One more thing on my wish list for future PLM characteristics is less focus on user control of change management. Change management should be immersed in the system, but it should not require so much user attention and active control. Today PLM is used, among other objectives, to standardize and enforce the company’s business workflows and to control change. On the one hand, it slows down the process and is perceived as non-flexible/agile for many SMB companies. On the other hand, it reduces errors in the process, and is less costly on scraps or on inventory down the road, etc. As millennials, who are open minded and free spirited, enter this field, too much control of processes and inflexibility will not be perceived well. PLM processes and their interfaces should be more about intuitive processes, rule based and past experience based decision making (AI) rather than about enforcing those processes. Better technologies and UI as well as the new generation’s openness to technology should make PLM become much easier to adopt, more intuitive and more like purchasing an app on the phone today.

PLM Standards

More standards – PLM should be everywhere. It should be available and accessible just like your bank account is with connectivity to many other financial agents. Cloud technology is one thing of course, but next stage PLM is more than that. Just like paying with a credit card or connecting your bank account to a supplier for billing is easy to accomplish, so should PLM. More standards will allow connecting platforms and business systems regardless of source system data model complexity. I encourage PLM software vendors to work together and come up with these standards.  I feel in the long run a modest level of agreement among competitors will increase the overall PLM market.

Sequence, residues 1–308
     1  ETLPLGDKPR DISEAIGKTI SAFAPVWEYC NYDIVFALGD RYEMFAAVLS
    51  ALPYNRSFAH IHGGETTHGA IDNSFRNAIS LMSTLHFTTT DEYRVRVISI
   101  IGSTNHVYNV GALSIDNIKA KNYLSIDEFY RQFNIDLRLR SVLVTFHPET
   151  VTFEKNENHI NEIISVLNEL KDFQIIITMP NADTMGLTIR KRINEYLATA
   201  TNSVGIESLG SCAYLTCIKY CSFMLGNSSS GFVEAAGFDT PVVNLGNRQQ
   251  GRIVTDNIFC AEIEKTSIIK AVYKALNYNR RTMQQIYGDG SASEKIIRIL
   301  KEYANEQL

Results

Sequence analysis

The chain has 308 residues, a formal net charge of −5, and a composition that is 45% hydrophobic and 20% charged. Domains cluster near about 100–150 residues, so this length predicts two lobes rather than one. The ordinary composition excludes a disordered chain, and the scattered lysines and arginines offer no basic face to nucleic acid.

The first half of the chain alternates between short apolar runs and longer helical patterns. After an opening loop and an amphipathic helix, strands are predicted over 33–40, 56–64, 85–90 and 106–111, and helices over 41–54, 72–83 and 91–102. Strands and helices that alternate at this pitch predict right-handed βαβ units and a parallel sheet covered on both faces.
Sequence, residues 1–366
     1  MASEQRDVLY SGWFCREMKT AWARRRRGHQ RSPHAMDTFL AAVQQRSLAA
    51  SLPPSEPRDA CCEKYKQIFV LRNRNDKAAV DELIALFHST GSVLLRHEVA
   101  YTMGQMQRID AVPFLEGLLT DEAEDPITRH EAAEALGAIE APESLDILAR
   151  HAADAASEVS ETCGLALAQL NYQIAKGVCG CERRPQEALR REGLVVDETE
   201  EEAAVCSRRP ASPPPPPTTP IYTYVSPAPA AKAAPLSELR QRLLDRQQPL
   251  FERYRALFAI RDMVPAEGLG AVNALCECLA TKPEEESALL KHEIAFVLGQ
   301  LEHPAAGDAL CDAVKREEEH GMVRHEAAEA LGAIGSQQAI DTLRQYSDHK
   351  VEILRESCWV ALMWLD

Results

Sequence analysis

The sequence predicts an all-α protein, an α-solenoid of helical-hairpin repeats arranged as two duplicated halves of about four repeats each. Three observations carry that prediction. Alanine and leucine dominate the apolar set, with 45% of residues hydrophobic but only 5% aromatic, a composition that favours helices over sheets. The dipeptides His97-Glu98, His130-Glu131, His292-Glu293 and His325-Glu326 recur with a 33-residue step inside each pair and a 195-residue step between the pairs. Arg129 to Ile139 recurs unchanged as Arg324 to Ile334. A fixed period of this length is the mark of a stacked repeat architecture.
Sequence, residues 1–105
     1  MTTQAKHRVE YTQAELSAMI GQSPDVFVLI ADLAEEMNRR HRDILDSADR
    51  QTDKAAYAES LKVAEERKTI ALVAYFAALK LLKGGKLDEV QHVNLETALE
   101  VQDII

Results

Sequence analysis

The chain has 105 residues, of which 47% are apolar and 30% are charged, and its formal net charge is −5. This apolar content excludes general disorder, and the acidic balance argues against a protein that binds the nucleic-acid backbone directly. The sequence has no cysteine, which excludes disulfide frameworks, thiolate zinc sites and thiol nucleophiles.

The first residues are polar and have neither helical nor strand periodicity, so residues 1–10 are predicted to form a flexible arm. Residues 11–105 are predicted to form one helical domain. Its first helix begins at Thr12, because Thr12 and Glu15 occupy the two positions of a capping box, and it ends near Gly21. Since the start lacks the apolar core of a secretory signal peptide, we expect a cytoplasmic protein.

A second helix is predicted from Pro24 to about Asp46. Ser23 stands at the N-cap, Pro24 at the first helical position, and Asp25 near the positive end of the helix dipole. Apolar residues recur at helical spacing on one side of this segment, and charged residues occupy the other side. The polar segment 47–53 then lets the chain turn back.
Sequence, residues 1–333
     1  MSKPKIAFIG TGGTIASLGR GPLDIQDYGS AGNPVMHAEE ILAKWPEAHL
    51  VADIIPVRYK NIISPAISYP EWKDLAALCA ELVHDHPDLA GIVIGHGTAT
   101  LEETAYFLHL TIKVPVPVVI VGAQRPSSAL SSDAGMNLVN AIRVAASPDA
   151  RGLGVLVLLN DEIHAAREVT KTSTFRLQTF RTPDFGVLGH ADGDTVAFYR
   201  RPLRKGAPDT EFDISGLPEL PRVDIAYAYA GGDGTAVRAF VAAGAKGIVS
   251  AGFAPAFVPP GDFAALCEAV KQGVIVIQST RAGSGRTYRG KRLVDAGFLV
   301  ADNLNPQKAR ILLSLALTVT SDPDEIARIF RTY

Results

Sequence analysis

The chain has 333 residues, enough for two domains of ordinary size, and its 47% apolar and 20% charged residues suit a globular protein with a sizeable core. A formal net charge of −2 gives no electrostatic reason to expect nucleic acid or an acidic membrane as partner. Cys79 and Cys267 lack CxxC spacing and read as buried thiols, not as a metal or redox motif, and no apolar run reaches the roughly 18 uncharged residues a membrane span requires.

Obviously, to get to where I would like this to go entails continuation and building upon today’s PLM technology and ancillary technologies and introducing IOT and AI to improve PLM. For example, we are very close (if not almost there) in developing a driverless car.   To simplify the science, autonomous vehicles run based on sensors which provide feedback (experience, error, user decisions operating machines and so forth) thus allowing the car to run autonomously.   It should not be such a stretch to utilize such technology in PLM software. With the investments being made in AI, big data tools, UI and PLM technologies, along with millennials becoming a dominant component of the workforce, I foresee a promising evolution of PLM, leading to increased simplicity around complex processes and better adaptation by small, medium and large companies.